Cigarette tax and public health: what are the implications of financially stressed smokers for the effects of price increases on smoking prevalence?
Article first published online: 4 NOV 2010
© 2010 The Authors, Addiction © 2010 Society for the Study of Addiction
Volume 106, Issue 3, pages 622–630, March 2011
How to Cite
Martire, K. A., Mattick, R. P., Doran, C. M. and Hall, W. D. (2011), Cigarette tax and public health: what are the implications of financially stressed smokers for the effects of price increases on smoking prevalence?. Addiction, 106: 622–630. doi: 10.1111/j.1360-0443.2010.03174.x
- Issue published online: 7 FEB 2011
- Article first published online: 4 NOV 2010
- Submitted 11 January 2010; initial review completed 12 May 2010; final version accepted 19 August 2010
- Financial stress;
- price elasticity;
- smoking cessation;
- social determinants of health;
Aims This paper models the predicted impact of tobacco price increases proposed in the United States and Australia during 2009 on smoking prevalence in 2010 while taking account of the effects of financial stress among smokers on cessation rates.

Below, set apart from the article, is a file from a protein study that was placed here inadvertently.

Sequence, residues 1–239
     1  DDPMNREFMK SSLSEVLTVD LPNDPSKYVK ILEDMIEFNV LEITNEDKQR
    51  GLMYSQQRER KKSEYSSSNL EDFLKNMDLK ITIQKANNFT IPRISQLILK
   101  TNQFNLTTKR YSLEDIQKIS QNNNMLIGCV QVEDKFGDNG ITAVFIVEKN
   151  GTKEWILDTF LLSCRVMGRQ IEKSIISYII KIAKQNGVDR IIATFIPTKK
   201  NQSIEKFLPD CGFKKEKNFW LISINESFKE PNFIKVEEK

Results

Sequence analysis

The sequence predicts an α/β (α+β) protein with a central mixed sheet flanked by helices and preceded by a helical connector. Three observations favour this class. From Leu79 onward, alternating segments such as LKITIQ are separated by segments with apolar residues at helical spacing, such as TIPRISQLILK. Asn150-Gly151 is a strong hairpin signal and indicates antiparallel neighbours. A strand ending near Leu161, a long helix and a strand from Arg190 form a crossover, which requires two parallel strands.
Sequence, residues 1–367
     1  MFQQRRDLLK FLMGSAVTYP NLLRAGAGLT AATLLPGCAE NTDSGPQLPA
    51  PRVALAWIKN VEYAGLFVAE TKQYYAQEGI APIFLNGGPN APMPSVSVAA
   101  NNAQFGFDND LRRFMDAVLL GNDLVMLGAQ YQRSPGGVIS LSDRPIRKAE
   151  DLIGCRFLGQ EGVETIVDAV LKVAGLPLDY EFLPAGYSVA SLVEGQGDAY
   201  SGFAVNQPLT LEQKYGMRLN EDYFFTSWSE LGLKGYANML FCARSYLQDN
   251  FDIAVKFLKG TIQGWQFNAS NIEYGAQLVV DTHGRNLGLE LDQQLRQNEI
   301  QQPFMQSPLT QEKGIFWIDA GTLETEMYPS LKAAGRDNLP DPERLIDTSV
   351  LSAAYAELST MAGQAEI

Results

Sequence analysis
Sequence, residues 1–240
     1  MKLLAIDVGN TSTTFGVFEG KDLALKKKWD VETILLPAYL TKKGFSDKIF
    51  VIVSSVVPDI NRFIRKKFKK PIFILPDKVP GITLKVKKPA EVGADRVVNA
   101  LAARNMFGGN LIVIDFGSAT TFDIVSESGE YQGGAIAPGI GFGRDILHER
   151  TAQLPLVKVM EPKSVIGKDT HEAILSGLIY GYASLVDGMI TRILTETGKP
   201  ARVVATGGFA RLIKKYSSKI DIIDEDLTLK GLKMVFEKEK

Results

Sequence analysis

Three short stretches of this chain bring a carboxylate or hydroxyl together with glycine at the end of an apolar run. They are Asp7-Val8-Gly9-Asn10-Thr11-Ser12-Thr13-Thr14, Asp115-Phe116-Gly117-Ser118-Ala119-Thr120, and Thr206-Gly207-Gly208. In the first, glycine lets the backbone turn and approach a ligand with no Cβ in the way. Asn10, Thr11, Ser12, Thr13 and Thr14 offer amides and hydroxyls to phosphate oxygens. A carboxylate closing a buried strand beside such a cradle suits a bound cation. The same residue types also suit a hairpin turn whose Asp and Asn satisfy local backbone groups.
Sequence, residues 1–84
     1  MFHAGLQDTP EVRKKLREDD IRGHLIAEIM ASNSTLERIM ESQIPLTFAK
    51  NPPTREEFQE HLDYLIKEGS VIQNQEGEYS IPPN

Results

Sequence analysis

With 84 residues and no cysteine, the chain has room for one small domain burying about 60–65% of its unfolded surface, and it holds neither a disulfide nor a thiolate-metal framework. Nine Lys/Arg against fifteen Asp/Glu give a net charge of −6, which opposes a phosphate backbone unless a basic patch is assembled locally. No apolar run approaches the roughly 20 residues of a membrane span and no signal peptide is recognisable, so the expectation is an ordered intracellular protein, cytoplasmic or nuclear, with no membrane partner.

Methods Two models of smoking prevalence were developed for each country. In model 1, prevalence rates were determined by price elasticity estimates. In model 2 price elasticity was moderated by financial stress. Each model was used to estimate smoking prevalence in 2010 in Australia and the United States.
Results Proposed price increases resulted in a 1.89% and 7.84% decrease in smoking participation among low socio-economic status (SES) groups in the United States and Australia, respectively. Model 1 overestimated the number of individuals expected to quit in both the United States (0.13% of smokers) and Australia (0.36% of smokers) by failing to take account of the differential effects of the tax on financially stressed smokers. The proportion of low-income smokers under financial stress increased in both countries in 2010 (by 1.06% in the United States and 3.75% in Australia).
Conclusions The inclusion of financial stress when modelling the impact of price on smoking prevalence suggests that the population health returns of increased cigarette price will diminish over time. As it is likely that the proportion of low-income smokers under financial stress will also increase in 2010, future population-based approaches to reducing smoking will need to address this factor.